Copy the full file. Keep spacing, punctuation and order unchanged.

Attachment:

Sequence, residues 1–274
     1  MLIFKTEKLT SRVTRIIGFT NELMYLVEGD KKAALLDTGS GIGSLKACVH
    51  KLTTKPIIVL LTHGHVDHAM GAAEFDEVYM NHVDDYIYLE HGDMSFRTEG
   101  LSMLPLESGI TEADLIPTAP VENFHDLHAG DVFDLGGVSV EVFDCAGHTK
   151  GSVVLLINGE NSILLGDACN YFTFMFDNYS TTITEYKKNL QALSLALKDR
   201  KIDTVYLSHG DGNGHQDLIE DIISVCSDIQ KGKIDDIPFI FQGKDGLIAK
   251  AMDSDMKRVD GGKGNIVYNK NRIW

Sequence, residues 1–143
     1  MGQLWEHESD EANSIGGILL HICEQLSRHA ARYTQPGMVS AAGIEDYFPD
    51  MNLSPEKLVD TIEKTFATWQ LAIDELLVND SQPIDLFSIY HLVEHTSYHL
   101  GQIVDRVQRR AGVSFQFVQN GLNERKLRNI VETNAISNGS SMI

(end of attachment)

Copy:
Sequence, residues 1–274
     1  MLIFKTEKLT SRVTRIIGFT NELMYLVEGD KKAALLDTGS GIGSLKACVH
    51  KLTTKPIIVL LTHGHVDHAM GAAEFDEVYM NHVDDYIYLE HGDMSFRTEG
   101  LSMLPLESGI TEADLIPTAP VENFHDLHAG DVFDLGGVSV EVFDCAGHTK
   151  GSVVLLINGE NSILLGDACN YFTFMFDNYS TTITEYKKNL QALSLALKDR
   201  KIDTVYLSHG DGNGHQDLIE DIISVCSDIQ KGKIDDIPFI FQGKDGLIAK
   251  AMDSDMKRVD GGKGNIVYNK NRIW

Sequence, residues 1–143
     1  MGQLWEHESD EANSIGGILL HICEQLSRHA ARYTQPGMVS AAGIEDYFPD
    51  MNLSPEKLVD TIEKTFATWQ LAIDELLVND SQPIDLFSIY HLVEHTSYHL
   101  GQIVDRVQRR AGVSFQFVQN GLNERKLRNI VETNAISNGS SMI